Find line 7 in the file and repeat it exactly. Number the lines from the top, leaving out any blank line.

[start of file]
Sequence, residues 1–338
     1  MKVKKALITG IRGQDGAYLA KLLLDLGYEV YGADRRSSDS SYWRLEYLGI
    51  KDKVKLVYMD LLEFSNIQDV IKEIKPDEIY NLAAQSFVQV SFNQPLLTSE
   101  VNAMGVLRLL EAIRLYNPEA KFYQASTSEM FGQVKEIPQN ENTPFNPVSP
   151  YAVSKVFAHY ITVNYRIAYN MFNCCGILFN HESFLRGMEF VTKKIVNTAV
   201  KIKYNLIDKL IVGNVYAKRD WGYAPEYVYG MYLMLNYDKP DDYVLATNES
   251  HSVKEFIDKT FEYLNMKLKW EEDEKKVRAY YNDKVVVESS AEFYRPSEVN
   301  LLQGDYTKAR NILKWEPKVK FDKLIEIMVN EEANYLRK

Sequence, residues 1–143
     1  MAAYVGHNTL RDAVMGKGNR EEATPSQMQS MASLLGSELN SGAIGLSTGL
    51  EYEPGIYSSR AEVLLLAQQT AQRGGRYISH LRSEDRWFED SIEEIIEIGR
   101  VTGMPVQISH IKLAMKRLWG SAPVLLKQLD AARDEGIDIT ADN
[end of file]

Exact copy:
   251  HSVKEFIDKT FEYLNMKLKW EEDEKKVRAY YNDKVVVESS AEFYRPSEVN